A statutory will is appropriate if someone doesn't have the capacity to make one in the usual way, whether through illness, disability following an accident or because a person is learning disabled.
To make a will in the usual way, a person must have ‘testamentary capacity’, a legal test which requires an understanding of a number of issues such as what a person has that they can leave in a will and considering and choosing to whom their property should be left.
A statutory will requires an application to be made on behalf of the person lacking capacity; issues to be considered will include the wishes of the person lacking capacity, as far as they are known about, who they might want to leave their money and property to, tax planning and the views of families and friends where appropriate.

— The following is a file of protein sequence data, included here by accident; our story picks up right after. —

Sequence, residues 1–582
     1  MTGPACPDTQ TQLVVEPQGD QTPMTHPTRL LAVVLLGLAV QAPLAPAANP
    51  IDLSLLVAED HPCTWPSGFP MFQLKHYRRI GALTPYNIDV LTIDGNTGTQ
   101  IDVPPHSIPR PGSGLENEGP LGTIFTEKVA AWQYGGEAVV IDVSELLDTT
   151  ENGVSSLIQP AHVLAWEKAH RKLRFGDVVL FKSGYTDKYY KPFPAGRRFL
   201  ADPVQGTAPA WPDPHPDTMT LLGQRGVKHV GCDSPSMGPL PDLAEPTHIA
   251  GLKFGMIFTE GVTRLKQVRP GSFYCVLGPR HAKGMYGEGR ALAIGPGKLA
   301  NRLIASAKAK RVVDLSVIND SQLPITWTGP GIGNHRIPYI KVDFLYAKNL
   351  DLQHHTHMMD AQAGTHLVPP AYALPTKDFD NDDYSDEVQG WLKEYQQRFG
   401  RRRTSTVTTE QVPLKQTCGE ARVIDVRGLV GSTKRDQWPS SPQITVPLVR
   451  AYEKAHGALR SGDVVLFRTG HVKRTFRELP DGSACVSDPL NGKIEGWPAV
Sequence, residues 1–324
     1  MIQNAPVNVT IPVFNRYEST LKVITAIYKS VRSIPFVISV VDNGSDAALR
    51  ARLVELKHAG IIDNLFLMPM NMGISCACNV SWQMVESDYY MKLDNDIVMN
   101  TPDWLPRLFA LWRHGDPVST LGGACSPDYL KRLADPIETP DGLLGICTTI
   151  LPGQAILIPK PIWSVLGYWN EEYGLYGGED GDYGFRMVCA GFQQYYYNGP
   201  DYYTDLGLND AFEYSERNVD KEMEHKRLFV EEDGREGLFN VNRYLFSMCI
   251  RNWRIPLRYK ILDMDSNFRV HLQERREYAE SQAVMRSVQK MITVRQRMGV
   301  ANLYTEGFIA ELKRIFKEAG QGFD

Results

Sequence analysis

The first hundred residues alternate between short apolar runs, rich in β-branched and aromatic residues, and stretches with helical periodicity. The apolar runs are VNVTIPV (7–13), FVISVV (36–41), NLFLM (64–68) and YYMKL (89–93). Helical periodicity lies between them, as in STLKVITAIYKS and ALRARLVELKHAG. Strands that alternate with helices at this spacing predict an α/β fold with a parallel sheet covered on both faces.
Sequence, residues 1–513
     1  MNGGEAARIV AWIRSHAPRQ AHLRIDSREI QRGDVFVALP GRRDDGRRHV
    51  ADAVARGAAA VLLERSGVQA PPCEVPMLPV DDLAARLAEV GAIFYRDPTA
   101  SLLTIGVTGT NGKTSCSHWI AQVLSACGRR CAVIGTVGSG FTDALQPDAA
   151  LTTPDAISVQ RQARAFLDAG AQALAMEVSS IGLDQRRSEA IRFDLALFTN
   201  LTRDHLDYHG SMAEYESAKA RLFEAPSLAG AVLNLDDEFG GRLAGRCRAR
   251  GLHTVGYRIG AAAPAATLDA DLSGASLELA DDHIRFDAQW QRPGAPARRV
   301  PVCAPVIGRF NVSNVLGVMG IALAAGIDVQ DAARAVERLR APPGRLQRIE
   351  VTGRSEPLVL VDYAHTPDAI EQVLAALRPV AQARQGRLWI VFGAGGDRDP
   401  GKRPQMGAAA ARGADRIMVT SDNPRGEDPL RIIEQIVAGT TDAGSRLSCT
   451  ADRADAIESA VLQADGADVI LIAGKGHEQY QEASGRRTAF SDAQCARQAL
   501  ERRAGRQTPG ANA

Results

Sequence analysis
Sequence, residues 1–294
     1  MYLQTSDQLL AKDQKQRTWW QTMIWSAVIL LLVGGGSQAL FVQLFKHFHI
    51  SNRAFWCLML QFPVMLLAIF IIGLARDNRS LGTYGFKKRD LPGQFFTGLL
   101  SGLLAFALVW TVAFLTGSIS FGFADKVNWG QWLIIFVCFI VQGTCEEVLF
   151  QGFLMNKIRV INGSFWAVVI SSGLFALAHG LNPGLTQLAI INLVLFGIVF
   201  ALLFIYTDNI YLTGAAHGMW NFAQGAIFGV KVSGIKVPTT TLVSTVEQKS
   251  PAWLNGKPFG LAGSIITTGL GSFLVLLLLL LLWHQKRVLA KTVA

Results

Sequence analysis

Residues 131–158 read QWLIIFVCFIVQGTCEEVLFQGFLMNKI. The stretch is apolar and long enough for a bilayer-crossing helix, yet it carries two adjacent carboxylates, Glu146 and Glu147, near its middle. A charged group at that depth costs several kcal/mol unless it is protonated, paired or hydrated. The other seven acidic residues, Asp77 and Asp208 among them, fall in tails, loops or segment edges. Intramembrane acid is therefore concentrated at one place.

See comments from our clients here.
Making a gift
Applications can be made to the Court of Protection to make gift from the funds of a person who has an attorney or a Deputy looking after their affairs.
We have a great deal of experience in making these applications, which would deal with larger gifts outside of the usual authority which an attorney or Deputy might have. Such gifts could be appropriate where, for example:
Contact us on 0161 871 3680 or on email@example.com for a free initial discussion with a member of our Court of Protection team to see how we can help.